Game Design and the Rule of Cool

The Rule of Cool is, I believe, actually a TV trope, it applies to video games as well. The variant I’m thinking of is when all inconsistencies between game play and the story are waved away as game play being more important than consistency with the story.

Now, in fairness, games must be unrealistic in order to be games. If a game was perfectly realistic, it would be a simulator, not a game. And people would mostly only do them to train for doing the real version. Thus wounds must heal in seconds or minutes, not weeks or months. Thus is should take minutes to build a hut, not days. And so on; there are a lot of things which need to be cheated in order to have a game and not a simulator. This I grant.

Having granted that, it’s important to point out that it does not follow that no thought should go into how one cheats reality in order to make a game. This is not true, of course, of pure games, such as tic-tac-toe or tetris. But in games that have a story, it is extremely important to consider how the gameplay fits in with the story. Recently I’ve been playing ARK: Survival Evolved, so I’ll draw my examples from there. The one thing that you need to know about ARK is that it’s a survival-type game (i.e. you gather resources and craft tools, structures, etc) with dinosaurs. An the dinosaur models are gorgeous.

Of course, the first problem is that ARK isn’t really a survival game. It’s a team assault game where the weapons are gathered in a semi-survivalist sort of way. I say semi-survivalist because after a certain point all of the resources are gathered by heavy machines. It just so happens that the heavy machines are dinosaurs, but aside from having a setting where they can aimlessly wander around and having a breeding mechanic, they are designed just like heavy machines would be. There are heavy trucks (brontosauri), light trucks (diplodocuses), tanks (rexes), armored assault vehicles (allosauruses), and so on. There are even spy helicopters (pteranodons), attack helicopters (tapejaras) and cargo helicopters (quetzals). You might think that flying reptiles would be more like planes, but they’re all slow, very maneuverable, and extremely good at hovering. The more heavily laden they are, the slower they move. It makes sense as a game mechanic but makes absolutely no physical sense. If a slow moving animal flapped very slowly, it would fall like a rock.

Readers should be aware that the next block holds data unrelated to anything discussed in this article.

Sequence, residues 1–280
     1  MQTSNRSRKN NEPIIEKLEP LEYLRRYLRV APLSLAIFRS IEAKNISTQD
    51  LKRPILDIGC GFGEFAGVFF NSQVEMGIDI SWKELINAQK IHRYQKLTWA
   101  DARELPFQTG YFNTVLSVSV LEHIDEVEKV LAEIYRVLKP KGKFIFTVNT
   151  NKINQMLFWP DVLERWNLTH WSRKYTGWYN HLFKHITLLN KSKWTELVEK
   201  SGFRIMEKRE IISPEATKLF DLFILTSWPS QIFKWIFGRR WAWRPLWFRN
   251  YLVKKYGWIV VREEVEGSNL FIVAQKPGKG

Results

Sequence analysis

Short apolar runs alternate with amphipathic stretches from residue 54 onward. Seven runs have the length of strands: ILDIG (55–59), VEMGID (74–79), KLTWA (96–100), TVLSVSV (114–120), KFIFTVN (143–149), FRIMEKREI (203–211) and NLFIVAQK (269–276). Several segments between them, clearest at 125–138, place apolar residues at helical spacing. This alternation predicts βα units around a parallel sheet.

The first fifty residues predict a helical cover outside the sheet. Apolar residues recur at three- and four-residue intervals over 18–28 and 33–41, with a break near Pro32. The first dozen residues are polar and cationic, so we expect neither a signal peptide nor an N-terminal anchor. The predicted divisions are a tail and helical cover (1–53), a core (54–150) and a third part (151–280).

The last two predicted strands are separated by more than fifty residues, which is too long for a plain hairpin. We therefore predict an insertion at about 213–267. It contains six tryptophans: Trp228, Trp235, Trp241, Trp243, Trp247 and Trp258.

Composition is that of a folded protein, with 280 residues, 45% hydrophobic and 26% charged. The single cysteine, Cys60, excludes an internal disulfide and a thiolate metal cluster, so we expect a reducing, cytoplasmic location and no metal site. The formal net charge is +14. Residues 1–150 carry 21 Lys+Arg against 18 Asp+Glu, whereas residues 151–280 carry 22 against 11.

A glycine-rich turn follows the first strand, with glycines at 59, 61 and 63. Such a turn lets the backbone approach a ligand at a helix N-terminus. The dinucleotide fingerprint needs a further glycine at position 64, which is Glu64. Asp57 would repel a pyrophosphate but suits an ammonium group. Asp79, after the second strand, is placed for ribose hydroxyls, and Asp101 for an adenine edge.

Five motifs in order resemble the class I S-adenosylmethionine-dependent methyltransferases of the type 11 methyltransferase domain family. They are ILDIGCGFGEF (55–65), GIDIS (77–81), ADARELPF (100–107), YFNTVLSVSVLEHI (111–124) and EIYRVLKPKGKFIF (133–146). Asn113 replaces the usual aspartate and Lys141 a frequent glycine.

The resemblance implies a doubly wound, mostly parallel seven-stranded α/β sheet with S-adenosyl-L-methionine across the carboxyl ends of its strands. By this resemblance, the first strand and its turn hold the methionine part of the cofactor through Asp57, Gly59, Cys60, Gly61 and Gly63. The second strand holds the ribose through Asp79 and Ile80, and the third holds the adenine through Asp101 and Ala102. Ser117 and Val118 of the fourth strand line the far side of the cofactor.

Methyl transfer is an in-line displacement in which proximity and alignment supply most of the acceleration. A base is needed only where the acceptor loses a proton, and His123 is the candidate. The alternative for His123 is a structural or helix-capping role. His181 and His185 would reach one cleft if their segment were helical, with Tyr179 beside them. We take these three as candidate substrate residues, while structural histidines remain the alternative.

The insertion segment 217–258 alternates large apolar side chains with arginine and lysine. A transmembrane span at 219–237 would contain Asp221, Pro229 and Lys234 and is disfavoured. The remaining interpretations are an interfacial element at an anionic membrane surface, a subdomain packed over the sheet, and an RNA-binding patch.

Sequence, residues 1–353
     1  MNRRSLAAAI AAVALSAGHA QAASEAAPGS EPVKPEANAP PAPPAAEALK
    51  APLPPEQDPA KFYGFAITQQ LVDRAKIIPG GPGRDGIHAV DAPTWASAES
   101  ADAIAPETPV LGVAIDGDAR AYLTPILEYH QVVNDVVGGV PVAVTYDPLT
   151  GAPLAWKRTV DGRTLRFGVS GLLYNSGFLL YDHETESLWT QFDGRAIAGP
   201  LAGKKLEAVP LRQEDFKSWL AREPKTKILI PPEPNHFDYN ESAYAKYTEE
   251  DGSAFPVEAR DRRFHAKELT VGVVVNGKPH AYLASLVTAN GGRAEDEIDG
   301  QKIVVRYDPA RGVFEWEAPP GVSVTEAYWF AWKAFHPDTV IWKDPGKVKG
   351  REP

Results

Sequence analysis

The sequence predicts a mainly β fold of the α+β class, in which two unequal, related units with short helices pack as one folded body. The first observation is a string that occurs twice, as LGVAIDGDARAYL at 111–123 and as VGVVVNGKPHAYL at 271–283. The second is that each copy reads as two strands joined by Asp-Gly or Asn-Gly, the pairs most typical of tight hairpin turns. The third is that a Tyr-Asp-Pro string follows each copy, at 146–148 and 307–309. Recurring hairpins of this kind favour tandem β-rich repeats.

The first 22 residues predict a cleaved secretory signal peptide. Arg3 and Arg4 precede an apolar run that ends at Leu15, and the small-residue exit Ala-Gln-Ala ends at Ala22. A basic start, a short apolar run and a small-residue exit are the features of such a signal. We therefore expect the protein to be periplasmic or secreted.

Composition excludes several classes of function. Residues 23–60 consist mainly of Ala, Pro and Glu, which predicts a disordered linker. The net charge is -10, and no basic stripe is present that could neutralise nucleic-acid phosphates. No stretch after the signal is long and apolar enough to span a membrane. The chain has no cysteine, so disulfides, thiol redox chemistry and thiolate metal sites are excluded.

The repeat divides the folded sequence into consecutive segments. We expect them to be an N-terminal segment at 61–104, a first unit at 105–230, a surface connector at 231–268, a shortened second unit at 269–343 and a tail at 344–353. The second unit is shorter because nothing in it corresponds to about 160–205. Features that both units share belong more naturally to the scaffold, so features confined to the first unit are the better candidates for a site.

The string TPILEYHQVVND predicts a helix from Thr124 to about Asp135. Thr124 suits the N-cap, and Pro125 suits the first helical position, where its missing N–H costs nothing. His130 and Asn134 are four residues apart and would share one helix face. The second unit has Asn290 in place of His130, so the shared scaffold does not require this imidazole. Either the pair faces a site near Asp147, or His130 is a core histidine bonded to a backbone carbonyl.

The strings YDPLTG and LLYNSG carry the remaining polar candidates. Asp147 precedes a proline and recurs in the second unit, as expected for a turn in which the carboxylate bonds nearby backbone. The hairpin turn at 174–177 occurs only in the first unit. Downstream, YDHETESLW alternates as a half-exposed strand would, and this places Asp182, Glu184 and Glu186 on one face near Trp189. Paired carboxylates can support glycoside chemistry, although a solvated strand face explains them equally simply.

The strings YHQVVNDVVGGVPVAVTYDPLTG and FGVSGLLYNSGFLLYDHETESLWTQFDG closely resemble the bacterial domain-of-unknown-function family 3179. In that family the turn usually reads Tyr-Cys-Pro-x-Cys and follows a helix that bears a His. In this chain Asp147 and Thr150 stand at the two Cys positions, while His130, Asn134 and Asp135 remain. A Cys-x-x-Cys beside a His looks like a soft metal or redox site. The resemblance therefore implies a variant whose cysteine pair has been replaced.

And the problem is that this takes you right out of the story. When flying reptiles are actually swimming through the air in entirely impossible ways, the beauty of the models loses most of its effect. The same is true of the walk-cycles which don’t adapt to the ground, but I think for different reasons.

Granted, walk cycles which don’t use physics to adjust the skeleton in natural ways for locomotion will never look entirely right, but I think that we’d forgive scripted walk cycles far more if the dinosaur which was walking imperfectly was actually moving with a purpose. But in ARK they aren’t. Or rather, they almost never are. On occasion a predator does run at another dinosaur to attack it. But under normal circumstances the dinosaurs simply wander around completely aimlessly. The herbivores do not eat, nor do the walk towards plants. They are simply on a random walk. And I think that the fact that their movements are completely pointless make you far more likely to notice that they’re not walking correctly.

And this problem carries over to appreciating the models for another reason. It’s great that the triceratops looks almost exactly how you’d picture it, but it’s hard to notice that when they’re not behaving at all like how you’d expect. They’re a herd animal. You should see them in groups and they should move around with some relationship to the others in the herd. That they don’t just breaks the illusion even more.